The position requires completion of academic coursework related to wildlife biology. Previous field experience with amphibians common in the Northeast US is preferred. The position requires the use of GPS units, digital cameras, and computer software for data entry and presentation (e.g. Microsoft Excel, Access). Technicians may also be asked to mark amphibians with injectable visible implant elastomer or passive integrated transponder tags and take voucher specimens related to amphibian disease studies. All work is outdoors, sometimes under harsh or hot conditions or in rain, sleet, hail and snow.
The technicians need to be in good physical condition, as the job requires long hours in the field (including some night-time surveys) and hiking with up to 45 pounds of equipment for extended periods of time on rocky, steep terrain. The technicians must be willing to go on overnight field trips to parks throughout the northeastern US, which will typically last 4-12 days at a time. Accommodations for overnight field work will be provided.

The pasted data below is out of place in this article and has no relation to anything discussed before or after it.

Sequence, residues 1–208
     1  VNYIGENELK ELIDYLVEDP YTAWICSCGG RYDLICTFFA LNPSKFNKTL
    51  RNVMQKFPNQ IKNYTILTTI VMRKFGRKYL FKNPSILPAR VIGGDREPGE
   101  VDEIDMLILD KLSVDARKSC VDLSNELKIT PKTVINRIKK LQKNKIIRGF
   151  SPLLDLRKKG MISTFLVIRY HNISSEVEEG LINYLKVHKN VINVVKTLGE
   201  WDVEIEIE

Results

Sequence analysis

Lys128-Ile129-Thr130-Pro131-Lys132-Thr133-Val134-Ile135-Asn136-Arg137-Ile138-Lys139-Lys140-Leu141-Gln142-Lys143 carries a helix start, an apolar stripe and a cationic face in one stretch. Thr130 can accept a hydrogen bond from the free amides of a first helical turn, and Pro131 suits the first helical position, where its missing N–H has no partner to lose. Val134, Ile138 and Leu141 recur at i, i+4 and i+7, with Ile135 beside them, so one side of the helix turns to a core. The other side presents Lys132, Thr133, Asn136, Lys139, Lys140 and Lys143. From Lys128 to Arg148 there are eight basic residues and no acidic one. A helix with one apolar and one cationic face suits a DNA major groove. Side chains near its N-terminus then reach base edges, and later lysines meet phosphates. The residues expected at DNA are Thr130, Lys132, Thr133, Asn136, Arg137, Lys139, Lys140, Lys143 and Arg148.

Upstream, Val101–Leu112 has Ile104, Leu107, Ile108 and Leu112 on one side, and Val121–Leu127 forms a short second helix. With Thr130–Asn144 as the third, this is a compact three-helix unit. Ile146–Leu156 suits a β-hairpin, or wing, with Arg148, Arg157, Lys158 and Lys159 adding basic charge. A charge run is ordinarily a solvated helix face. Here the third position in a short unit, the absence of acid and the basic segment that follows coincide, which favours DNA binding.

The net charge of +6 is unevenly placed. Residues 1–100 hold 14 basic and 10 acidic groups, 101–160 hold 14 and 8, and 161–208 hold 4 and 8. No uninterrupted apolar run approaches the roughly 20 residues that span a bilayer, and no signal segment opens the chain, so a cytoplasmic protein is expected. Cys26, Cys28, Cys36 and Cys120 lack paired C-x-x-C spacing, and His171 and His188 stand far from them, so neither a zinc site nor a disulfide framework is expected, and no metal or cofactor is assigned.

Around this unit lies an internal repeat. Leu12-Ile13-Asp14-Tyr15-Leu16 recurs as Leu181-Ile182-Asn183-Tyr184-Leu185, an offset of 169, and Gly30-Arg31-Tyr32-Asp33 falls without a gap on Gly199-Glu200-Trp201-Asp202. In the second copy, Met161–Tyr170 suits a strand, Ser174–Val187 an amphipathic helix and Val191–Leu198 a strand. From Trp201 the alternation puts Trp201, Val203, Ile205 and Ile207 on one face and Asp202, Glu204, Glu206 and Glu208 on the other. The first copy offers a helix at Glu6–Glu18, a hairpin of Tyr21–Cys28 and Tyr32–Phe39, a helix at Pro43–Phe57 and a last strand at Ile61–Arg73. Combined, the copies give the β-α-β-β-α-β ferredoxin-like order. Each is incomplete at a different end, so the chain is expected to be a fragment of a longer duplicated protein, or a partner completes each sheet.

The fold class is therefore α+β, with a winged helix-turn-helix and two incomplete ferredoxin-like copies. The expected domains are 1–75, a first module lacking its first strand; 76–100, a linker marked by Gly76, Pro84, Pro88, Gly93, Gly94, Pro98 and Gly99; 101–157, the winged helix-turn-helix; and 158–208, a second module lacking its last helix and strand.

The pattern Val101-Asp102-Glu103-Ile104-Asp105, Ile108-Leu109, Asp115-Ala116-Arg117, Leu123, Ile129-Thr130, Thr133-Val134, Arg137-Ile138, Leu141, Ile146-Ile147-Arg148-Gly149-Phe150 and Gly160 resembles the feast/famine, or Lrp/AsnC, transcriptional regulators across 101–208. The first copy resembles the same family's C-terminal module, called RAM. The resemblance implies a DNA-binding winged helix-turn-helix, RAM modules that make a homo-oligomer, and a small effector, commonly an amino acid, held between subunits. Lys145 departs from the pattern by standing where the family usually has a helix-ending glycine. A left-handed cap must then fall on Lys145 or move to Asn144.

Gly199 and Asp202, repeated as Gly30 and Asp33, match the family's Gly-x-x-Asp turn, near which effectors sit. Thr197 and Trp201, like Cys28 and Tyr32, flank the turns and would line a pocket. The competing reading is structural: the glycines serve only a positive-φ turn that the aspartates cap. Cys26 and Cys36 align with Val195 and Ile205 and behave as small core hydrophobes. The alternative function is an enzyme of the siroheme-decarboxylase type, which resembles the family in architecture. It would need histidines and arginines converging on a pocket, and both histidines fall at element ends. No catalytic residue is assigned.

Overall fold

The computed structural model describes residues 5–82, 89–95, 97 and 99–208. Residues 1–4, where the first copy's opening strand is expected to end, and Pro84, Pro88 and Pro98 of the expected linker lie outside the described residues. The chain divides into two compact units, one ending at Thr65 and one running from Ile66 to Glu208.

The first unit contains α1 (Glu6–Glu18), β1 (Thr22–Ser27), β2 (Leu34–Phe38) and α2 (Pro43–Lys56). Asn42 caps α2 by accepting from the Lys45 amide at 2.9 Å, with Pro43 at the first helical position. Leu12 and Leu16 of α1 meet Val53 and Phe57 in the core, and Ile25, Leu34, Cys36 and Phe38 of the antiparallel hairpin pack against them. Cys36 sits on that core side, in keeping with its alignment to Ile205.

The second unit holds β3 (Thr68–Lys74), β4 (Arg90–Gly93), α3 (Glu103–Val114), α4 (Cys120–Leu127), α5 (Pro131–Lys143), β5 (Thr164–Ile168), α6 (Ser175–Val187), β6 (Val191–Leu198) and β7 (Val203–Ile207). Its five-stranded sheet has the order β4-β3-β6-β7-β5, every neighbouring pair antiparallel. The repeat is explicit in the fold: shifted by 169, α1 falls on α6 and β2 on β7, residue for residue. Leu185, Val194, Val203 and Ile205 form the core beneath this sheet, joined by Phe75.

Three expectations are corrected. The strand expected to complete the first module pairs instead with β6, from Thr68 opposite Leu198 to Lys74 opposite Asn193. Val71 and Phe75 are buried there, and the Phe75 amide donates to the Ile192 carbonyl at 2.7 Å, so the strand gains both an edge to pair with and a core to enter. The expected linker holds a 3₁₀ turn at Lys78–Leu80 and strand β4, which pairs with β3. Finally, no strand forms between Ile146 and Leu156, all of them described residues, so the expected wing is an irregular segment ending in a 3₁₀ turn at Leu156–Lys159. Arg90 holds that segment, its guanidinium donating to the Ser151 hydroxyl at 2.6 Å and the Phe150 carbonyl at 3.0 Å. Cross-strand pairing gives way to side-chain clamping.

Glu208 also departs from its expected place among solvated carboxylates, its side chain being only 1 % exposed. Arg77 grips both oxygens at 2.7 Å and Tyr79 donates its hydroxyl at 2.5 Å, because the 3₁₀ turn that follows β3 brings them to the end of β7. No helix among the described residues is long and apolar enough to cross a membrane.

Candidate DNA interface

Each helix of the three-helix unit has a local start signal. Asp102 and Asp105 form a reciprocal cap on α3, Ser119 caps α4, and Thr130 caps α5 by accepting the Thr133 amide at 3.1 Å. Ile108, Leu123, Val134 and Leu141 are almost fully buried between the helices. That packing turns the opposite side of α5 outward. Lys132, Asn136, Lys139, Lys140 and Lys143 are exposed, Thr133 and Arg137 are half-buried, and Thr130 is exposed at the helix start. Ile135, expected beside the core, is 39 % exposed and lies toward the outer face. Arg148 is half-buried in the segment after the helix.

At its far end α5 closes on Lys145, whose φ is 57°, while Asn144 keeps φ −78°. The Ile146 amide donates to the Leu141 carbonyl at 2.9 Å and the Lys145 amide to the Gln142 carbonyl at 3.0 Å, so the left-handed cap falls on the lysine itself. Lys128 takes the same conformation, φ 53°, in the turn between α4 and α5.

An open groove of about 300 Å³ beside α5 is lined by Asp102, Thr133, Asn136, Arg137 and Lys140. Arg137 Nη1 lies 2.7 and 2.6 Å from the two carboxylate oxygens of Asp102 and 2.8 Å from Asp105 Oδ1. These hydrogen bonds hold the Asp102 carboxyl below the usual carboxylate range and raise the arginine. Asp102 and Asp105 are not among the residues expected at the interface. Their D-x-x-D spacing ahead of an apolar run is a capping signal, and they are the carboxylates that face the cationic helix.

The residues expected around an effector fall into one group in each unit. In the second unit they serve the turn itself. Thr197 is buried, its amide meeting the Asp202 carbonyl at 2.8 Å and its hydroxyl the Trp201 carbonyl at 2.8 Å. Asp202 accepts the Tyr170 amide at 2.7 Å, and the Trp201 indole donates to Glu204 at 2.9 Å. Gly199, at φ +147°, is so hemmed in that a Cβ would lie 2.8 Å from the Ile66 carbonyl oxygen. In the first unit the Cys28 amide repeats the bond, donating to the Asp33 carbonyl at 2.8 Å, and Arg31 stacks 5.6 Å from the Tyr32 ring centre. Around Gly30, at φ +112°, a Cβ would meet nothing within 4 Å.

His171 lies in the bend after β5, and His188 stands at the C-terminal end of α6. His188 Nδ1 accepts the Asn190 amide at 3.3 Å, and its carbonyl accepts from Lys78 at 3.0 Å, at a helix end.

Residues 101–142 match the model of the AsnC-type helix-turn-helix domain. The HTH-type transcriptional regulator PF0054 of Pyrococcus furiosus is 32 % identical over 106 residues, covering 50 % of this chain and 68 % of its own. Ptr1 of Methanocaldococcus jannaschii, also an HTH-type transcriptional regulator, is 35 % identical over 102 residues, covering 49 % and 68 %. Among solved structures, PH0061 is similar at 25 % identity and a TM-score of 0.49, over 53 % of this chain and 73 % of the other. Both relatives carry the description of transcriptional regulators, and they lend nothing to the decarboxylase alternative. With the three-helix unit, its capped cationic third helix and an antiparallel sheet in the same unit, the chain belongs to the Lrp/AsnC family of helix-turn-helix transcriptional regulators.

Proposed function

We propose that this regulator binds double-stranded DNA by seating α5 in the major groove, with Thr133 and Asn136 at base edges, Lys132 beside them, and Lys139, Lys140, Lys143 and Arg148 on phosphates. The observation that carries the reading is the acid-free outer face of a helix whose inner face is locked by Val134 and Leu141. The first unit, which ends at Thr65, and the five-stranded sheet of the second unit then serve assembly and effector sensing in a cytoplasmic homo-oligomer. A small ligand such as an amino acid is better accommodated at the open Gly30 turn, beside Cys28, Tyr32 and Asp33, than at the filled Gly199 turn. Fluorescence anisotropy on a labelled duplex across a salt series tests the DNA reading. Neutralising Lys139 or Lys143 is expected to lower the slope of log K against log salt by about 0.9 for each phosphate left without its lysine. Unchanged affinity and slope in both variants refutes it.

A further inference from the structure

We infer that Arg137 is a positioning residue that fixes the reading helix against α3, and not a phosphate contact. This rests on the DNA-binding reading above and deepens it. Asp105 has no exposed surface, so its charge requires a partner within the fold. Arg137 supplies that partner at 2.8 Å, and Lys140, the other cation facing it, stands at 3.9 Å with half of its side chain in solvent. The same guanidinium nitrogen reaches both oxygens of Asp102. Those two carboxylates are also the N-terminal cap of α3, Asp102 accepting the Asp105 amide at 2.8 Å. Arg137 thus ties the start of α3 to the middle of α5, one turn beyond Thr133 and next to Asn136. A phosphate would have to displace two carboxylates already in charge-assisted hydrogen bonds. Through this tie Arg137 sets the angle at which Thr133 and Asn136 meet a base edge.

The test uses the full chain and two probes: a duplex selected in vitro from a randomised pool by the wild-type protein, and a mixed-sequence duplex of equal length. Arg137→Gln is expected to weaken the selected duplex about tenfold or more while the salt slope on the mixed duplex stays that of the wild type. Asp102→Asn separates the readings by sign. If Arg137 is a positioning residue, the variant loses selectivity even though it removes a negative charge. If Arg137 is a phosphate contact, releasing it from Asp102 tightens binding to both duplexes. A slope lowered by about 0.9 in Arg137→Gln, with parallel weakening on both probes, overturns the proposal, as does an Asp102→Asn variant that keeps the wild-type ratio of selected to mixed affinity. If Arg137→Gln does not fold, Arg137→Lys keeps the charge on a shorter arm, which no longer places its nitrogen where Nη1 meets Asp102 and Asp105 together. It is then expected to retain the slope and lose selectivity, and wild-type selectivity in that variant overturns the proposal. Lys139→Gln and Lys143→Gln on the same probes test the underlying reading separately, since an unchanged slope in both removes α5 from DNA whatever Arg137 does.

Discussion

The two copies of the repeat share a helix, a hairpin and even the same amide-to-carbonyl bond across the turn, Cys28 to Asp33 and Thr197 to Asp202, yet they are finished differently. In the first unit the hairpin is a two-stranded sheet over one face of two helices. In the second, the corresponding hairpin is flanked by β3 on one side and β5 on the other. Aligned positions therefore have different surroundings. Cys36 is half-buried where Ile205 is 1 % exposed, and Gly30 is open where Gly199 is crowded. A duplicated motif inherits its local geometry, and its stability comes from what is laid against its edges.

Technicians must be able to work at least 40 hours per week and have flexibility in their schedules to accommodate longer days when field conditions require. Technicians are responsible for all costs of transportation to and from the duty station. Government vehicles will be provided for all field work initiated from the duty station. Housing costs are not included. Every attempt will be made to assist technicians in finding affordable housing in the area. Approximate wages are $15/hour; overtime pay is not provided. Only applicants who are current or recent students (graduated within 12 months of the position’s end date) are eligible for these positions.